Little White Lies [Les Petits Mouchoirs]

"Extraordinary"

Little White Lies [Les Petits Mouchoirs] Review


With echoes of The Big Chill, this epic-length French comedy-drama explores with raw honesty the relationships between a group of people in their 30s and 40s. Especially fine writing and acting really bring it to life.

After their friend Ludo (Dujardin) is injured in a crash, his friends agonise over whether they should carry on with plans for their annual month-long holiday at the seaside. As he recovers, they head off for two weeks. But his absence causes a series of ripples. The host Max (Cluzet) is becoming increasingly paranoid due to an uncomfortable revelation made by his best pal Vincent (Magimel), while their wives (Bonneton and Arbillot) have no idea what the problem is. Meanwhile, three others (Cotillard, Lellouche and Lafitte) are trying to resolve their own romantic issues.

Filmmaker Canet throws us straight into the story, letting us immediately see these people responding to a scary event. It takes a while for the characters to reveal their personalities and complex inter-connections, but as the movie progresses they become remarkably vivid and involving. There are things about each person that we identify with, and the range of interaction is hilarious, edgy and sometimes darkly stirring.

The cast is simply wonderful, giving off-handed, natural performances that add to the film's relaxed tone. It feels almost plotless in structure, although a series of storylines carries us through the long running time with highs and lows, including raucous comedy and wrenching emotion. It's not easy to pick a stand-out among the cast, as everyone has strong moments along the way.

Cotillard's character is perhaps the most moving, while Cluzet's is the most complicated.

As it continues, Canet's fiercely clever script continually deepens the relationships and heightens the tension. It also offers intensely telling insight into the way people relate to each other, mainly looking at the small lies we tell each other - and ourselves - to get through any potential awkwardness. And while the focus is a little too diffused for us to really feel the huge wave of emotion at the end, it's still the kind of film that lingers in the memory for a long time, forcing us to explore how we treat our friends and lovers.



Facts and Figures

Genre: Foreign

Production compaines: Les Productions du Trésor, M6 Films, EuropaCorp

Reviews

Contactmusic.com: 4.5 / 5

Cast & Crew

Director:

Producer: Alain Attal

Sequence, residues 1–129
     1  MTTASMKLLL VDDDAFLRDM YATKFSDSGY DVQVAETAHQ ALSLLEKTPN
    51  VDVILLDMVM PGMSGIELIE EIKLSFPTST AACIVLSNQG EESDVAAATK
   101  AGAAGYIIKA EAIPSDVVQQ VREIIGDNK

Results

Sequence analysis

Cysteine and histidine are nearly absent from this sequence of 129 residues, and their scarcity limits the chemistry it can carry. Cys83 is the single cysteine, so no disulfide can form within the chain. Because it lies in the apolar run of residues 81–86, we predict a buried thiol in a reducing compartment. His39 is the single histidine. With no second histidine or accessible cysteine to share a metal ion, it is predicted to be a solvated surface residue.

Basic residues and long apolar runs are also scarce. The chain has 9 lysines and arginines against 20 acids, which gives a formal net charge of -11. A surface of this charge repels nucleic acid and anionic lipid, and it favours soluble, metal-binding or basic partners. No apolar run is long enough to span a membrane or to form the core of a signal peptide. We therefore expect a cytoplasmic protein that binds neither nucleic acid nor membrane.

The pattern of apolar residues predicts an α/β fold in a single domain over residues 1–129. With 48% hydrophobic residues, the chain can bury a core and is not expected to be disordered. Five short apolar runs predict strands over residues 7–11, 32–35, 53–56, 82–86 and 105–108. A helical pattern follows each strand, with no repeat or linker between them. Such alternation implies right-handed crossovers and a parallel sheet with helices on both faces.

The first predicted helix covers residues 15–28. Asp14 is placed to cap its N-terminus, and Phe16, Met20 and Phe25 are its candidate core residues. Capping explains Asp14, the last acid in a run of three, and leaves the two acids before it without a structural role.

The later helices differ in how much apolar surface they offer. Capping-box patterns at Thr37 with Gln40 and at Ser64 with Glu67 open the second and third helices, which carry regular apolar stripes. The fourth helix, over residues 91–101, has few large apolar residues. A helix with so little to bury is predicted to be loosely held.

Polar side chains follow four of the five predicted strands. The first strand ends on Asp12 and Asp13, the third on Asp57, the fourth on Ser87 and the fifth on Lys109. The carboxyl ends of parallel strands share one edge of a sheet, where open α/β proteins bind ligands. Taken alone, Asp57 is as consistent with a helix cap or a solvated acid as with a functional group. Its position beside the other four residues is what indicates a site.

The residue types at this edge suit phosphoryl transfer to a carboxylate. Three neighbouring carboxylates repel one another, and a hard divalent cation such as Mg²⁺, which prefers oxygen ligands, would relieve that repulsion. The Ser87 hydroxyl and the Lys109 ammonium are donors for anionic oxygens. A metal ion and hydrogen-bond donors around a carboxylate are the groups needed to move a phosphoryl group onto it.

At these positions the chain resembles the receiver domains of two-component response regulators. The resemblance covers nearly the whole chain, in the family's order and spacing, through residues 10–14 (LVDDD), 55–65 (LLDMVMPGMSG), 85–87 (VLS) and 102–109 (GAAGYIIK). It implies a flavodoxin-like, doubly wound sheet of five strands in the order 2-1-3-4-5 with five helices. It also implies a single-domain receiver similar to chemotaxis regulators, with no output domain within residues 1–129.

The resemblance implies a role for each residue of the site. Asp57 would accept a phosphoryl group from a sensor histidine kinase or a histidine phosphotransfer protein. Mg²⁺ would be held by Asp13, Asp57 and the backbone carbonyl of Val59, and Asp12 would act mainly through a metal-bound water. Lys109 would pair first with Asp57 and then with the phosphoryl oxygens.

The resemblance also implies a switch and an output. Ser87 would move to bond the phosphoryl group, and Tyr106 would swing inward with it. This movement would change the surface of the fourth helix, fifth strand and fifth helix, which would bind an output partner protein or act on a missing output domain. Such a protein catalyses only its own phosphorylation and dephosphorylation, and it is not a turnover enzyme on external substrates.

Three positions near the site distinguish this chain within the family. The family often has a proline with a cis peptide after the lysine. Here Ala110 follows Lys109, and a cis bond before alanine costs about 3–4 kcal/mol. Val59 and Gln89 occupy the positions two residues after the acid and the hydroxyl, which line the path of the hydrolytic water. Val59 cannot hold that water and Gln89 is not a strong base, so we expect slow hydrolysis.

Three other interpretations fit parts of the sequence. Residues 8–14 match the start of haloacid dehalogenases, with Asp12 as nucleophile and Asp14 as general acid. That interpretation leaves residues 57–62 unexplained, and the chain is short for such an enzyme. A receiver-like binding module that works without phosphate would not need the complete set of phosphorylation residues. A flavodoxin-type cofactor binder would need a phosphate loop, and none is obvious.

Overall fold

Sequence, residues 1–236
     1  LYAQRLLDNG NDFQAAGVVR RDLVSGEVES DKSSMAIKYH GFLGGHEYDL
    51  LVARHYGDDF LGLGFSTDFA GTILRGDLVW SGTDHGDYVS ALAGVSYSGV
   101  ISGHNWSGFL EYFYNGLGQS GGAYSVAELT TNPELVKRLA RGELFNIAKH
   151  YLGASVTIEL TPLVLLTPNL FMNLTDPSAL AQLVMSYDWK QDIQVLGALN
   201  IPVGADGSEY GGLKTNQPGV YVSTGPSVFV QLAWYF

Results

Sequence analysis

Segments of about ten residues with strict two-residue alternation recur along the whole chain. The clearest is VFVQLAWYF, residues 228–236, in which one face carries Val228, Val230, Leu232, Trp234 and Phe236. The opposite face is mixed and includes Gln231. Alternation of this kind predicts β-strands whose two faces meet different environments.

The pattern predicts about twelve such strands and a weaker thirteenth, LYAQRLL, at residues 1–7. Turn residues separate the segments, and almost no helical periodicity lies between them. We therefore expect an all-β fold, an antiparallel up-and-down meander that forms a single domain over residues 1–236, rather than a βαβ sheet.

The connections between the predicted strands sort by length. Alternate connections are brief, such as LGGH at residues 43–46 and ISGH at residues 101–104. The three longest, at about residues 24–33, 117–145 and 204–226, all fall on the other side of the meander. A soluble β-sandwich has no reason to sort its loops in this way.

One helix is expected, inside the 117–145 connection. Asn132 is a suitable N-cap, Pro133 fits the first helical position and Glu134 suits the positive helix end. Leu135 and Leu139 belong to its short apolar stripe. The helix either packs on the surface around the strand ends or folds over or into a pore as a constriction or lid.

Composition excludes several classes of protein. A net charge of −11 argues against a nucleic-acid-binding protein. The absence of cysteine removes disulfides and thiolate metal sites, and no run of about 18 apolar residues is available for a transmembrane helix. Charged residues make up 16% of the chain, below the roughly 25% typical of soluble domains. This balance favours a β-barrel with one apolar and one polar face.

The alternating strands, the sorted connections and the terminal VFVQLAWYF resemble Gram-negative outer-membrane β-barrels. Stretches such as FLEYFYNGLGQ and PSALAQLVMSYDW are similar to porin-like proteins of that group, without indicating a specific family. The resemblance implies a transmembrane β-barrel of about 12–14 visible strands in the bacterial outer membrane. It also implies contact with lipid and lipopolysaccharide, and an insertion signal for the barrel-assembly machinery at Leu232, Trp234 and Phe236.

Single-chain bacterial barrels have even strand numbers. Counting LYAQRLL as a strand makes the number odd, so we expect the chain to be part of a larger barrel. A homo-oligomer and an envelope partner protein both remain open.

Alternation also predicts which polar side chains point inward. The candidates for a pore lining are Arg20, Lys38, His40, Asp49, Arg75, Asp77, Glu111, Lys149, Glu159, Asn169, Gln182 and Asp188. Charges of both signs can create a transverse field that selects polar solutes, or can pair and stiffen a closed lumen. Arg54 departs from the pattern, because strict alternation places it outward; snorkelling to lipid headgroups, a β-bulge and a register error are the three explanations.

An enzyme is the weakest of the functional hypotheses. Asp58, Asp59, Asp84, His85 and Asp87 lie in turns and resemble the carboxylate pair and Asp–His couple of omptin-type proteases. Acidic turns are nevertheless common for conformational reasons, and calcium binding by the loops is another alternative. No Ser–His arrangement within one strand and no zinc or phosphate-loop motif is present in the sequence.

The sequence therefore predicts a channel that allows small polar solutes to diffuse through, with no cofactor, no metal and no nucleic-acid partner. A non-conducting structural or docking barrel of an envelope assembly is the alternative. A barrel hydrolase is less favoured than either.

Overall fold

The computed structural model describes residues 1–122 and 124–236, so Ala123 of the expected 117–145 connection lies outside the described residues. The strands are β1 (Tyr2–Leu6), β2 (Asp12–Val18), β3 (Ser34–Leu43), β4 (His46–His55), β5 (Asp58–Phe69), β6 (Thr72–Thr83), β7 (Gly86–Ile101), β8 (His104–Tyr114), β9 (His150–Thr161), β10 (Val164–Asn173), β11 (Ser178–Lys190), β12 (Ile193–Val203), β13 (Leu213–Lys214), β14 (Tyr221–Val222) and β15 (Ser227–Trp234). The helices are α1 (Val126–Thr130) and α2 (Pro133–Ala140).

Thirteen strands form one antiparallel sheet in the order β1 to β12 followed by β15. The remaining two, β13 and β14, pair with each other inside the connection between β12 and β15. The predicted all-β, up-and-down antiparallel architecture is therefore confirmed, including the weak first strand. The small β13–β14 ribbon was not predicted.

Starring: as Max Cantara, as Vincent Ribaud, as Ludo, as Véronique Cantara, Joël Dupuch as Jean-Louis, as Eric, as Antoine, Pascale Arbillot as Isabelle Ribaud, as Juliette, Hocine Mérabet as Nassim, Louise Monot as Léa, Maxim Nucci as Franck, as Marie, Sara Martins as La copine lesbienne de Marie, as L'ami de Ludo au Baron, Mathieu Chedid as L'amant de Marie

Contactmusic


Links



Advertisement

New Movies

Free State of Jones Movie Review

Free State of Jones Movie Review

Since its true story is still so timely after some 150 years, we can forgive...

Deepwater Horizon Movie Review

Deepwater Horizon Movie Review

This reunion of actor Mark Wahlberg and director Peter Berg feels like a natural successor...

Miss Peregrine's Home for Peculiar Children Movie Review

Miss Peregrine's Home for Peculiar Children Movie Review

Ransom Riggs' bestselling novel is appropriately adapted into a movie by Tim Burton, the gothic...

Get Back Movie Review

Get Back Movie Review

Roger Appleton's documentary 'Get Back' looks into the music scene that come out of Liverpool....

Imperium Movie Review

Imperium Movie Review

First-time filmmaker Daniel Ragussis takes an unusual approach to this thriller. Since it's based on...

The Girl With All the Gifts Movie Review

The Girl With All the Gifts Movie Review

Like a 10-years-later follow-up to 28 Days Later, this small British thriller takes a refreshingly...

The Magnificent Seven Movie Review

The Magnificent Seven Movie Review

Director Antoine Fuqua brings his usual fascination with violence to this remake of the iconic...

Advertisement
Bridget Jones's Baby Movie Review

Bridget Jones's Baby Movie Review

As it's been 12 years since the last Bridget Jones movie, expectations aren't too high...

The Beatles: Eight Days a Week - The Touring Years Movie Review

The Beatles: Eight Days a Week - The Touring Years Movie Review

A-list director Ron Howard worked with the surviving Beatles to assemble this engaging documentary, which...

Blair Witch Movie Review

Blair Witch Movie Review

It's been 17 years since The Blair Witch Project shook up the cinema and created...

Anthropoid Movie Review

Anthropoid Movie Review

Outside the Czech Republic, few people know about Operation Anthropoid, a spy mission in 1943...

Kubo and the Two Strings Movie Review

Kubo and the Two Strings Movie Review

From Laika (The Boxtrolls), this is one of the most beautiful, sophisticated animated films in...

Captain Fantastic Movie Review

Captain Fantastic Movie Review

An offbeat comedy-drama with a timely kick, this charming family road trip takes on some...

Hell or High Water Movie Review

Hell or High Water Movie Review

Sicario screenwriter Taylor Sheridan delivers another fiercely intelligent, engaging story that maintains high suspense while...

Advertisement
Artists
Actors
    Filmmakers
      Artists
      Bands
        Musicians
          Artists
          Celebrities
             
              Artists
              Interviews
                musicians & bands in the news
                  actors & filmmakers in the news
                    celebrities in the news

                      Go Back in Time using our News archive to see what happened on a particular day in the past.